Every week, Edwin de Vaal (48), general practitioner in Nijmegen, answers a frequently asked or striking question from his practice. This week it is: How do you get hyperventilation and is it dangerous?
What Causes Hyperventilation?
“Usually stress or tension is the culprit. The stress makes you breathe too quickly and shallowly. That often happens without you realizing it.”
How does that work?
“Because of the tension, the body produces stress hormones such as adrenaline. Your body then prepares to fight or flight: you breathe faster and your heart starts beating faster. That is normal. But if the exertion that the body is preparing for then does not come, it goes wrong. “
“That’s a complicated story. Because of that rapid breathing, you exhale more carbon dioxide and the acidity of your blood changes slightly. Your body notices this and thinks something is wrong. That in turn triggers a stress response and an even faster breathing. ends up in a vicious circle: you start to gasp even more. “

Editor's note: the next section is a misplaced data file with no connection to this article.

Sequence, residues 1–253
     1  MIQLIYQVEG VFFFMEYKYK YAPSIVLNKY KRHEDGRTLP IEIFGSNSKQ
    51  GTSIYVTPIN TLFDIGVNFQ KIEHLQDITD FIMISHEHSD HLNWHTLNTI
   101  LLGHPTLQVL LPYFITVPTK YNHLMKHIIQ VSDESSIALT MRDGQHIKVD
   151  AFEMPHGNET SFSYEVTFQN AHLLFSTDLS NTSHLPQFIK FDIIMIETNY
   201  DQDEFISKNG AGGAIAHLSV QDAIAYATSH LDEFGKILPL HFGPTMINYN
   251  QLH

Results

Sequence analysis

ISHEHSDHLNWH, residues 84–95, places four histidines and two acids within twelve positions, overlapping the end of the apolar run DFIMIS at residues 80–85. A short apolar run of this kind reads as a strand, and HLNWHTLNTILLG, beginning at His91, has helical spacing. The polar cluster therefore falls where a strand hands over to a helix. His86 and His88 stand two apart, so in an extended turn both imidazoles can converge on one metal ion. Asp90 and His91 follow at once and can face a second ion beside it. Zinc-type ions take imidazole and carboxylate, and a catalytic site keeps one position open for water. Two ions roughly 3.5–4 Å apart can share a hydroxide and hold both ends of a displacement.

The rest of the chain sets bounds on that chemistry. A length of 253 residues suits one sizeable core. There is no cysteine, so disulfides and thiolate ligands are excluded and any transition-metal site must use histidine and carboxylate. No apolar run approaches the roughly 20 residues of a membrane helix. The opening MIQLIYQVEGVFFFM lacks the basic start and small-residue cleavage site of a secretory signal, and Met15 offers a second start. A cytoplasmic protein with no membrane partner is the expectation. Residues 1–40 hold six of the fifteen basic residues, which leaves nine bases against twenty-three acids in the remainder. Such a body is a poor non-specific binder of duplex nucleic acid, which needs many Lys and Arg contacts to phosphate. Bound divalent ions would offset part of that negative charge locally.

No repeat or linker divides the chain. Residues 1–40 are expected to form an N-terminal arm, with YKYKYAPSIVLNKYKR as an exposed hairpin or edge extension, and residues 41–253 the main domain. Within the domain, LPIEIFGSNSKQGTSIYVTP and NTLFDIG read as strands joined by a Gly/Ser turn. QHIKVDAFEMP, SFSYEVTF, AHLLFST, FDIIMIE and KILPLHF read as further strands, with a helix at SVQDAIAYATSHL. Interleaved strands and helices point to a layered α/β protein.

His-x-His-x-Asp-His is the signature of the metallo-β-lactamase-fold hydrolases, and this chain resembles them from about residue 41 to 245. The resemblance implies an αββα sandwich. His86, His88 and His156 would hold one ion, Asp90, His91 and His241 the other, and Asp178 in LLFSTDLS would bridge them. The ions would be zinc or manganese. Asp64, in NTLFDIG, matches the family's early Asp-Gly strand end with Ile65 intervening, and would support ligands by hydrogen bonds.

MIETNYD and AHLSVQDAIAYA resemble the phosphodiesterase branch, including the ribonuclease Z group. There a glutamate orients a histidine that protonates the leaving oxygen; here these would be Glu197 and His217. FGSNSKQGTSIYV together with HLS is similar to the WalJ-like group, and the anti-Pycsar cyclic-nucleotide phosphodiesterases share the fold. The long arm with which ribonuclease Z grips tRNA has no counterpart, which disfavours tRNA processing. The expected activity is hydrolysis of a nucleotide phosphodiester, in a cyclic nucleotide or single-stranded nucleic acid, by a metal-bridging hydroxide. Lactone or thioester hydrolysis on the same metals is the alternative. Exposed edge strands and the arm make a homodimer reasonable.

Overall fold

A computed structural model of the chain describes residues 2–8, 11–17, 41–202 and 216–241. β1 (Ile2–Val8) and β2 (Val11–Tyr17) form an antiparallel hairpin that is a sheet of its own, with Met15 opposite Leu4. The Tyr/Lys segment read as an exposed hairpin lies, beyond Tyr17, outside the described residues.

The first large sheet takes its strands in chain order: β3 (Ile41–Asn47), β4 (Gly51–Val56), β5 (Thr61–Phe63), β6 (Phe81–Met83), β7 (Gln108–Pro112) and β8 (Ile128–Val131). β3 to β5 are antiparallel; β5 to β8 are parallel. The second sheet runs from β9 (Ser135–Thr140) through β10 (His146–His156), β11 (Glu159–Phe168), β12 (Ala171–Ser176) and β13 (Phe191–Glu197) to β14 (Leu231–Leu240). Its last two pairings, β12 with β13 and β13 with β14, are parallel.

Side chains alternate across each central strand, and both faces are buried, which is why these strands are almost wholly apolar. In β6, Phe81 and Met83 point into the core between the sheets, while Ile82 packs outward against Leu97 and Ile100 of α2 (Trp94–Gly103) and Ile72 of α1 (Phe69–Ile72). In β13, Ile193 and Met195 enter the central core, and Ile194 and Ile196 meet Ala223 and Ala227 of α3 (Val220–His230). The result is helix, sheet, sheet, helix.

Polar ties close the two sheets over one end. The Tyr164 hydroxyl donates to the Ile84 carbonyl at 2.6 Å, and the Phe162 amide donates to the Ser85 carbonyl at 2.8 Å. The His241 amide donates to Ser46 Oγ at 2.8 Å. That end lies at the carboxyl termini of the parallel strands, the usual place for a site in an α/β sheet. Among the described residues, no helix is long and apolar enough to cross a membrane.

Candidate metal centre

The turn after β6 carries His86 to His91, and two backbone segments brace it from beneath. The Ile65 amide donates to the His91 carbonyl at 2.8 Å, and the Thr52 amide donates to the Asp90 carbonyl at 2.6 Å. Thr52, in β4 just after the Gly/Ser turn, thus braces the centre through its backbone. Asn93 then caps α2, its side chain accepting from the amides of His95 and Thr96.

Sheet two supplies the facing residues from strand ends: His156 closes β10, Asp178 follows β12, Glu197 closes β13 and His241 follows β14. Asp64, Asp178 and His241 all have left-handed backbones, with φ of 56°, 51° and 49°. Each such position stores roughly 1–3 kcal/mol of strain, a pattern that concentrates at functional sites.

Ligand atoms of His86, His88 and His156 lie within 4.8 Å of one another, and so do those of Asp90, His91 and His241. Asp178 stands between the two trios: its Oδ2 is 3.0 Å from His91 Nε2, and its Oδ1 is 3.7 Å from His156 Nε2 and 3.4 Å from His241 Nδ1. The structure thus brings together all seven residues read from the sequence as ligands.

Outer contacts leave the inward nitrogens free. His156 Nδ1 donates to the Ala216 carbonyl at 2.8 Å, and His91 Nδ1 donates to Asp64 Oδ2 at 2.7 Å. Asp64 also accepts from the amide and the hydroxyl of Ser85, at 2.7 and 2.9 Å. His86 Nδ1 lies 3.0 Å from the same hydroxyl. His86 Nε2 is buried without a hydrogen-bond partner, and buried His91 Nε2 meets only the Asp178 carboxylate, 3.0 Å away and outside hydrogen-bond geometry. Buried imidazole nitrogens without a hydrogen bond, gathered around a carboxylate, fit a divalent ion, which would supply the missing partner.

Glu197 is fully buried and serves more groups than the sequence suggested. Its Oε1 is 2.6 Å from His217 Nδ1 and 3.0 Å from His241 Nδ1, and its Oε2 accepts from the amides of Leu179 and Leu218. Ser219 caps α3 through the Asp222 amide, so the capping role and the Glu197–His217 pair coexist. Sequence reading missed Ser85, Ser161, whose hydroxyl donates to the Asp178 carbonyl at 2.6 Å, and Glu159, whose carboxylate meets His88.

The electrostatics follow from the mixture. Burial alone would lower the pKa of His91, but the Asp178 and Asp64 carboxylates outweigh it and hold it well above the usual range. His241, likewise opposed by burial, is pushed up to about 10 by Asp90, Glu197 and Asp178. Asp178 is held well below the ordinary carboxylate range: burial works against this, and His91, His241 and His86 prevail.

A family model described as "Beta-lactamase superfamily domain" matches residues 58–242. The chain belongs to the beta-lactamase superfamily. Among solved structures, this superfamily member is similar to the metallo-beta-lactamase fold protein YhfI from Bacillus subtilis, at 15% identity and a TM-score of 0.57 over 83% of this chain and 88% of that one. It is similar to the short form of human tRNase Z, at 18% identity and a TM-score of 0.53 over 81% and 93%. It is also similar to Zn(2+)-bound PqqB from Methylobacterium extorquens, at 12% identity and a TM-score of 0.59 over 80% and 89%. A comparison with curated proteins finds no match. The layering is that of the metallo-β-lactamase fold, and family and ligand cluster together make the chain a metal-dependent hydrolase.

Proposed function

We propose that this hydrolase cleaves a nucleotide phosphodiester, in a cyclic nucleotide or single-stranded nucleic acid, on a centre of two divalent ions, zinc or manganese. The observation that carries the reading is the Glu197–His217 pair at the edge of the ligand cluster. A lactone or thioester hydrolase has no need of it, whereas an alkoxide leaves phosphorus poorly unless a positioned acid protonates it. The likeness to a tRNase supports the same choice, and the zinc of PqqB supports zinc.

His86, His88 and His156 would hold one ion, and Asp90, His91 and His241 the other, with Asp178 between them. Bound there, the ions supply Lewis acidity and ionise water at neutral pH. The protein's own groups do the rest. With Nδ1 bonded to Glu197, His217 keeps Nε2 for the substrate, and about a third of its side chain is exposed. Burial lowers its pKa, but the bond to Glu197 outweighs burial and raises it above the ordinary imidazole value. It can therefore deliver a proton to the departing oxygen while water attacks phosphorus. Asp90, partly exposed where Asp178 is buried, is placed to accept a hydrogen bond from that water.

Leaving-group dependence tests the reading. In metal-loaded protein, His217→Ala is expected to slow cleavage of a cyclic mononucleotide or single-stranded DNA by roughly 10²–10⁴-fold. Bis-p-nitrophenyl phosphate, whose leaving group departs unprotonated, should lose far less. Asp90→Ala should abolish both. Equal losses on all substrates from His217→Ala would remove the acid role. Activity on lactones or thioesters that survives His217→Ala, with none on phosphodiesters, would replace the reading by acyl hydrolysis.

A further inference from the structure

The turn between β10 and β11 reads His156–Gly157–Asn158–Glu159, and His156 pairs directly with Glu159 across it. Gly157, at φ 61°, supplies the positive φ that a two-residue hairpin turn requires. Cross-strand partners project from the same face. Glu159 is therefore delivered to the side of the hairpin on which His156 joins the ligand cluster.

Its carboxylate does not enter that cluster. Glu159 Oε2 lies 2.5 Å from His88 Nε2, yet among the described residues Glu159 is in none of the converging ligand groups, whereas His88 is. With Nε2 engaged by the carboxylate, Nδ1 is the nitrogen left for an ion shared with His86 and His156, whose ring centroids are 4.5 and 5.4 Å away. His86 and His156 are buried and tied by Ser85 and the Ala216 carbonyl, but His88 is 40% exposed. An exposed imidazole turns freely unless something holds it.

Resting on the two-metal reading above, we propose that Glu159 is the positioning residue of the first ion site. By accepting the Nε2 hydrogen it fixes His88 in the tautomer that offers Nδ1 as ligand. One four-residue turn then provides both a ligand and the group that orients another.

“This altered acidity can cause all kinds of complaints such as dizziness and tingling in the fingers, feet or mouth. Sometimes rapid breathing gives you muscle pain and sometimes even pressure on the chest. It can even feel like a heart attack. That exacerbates the stress and stress. fuels the hyperventilation again. “
“Breathe out for five counts and one in. Extend your exhalation as much as possible until you are breathing normally again. ”
Edwin de Vaal, general practitioner
What can you do about hyperventilation? Breathe into a bag, right?
“That was indeed done in the past. It was assumed that the excess exhaled carbon dioxide had to be inhaled again. But now we know that this is not very convenient.”
“With hyperventilation it is important to emphasize the exhalation. Because hyperventilation is often accompanied by shortness of breath, you quickly have the tendency to breathe in as much and as deeply as possible. You almost forget to exhale. But that makes it worse. only worse. “
How do you do that? Emphasize the exhalation?
“Exhale for five counts and one count in. Extend your exhalation as much as possible until you are breathing normally again. If necessary, ask for help from someone who can coach you.”
When should you consult the doctor in case of hyperventilation?
“If you are in a panic and cannot get out of it yourself. But also if you have a tight feeling in the chest that does not go away or if you think that your breathlessness has nothing to do with hyperventilation.”
More information: Dutch Hyperventilation Foundation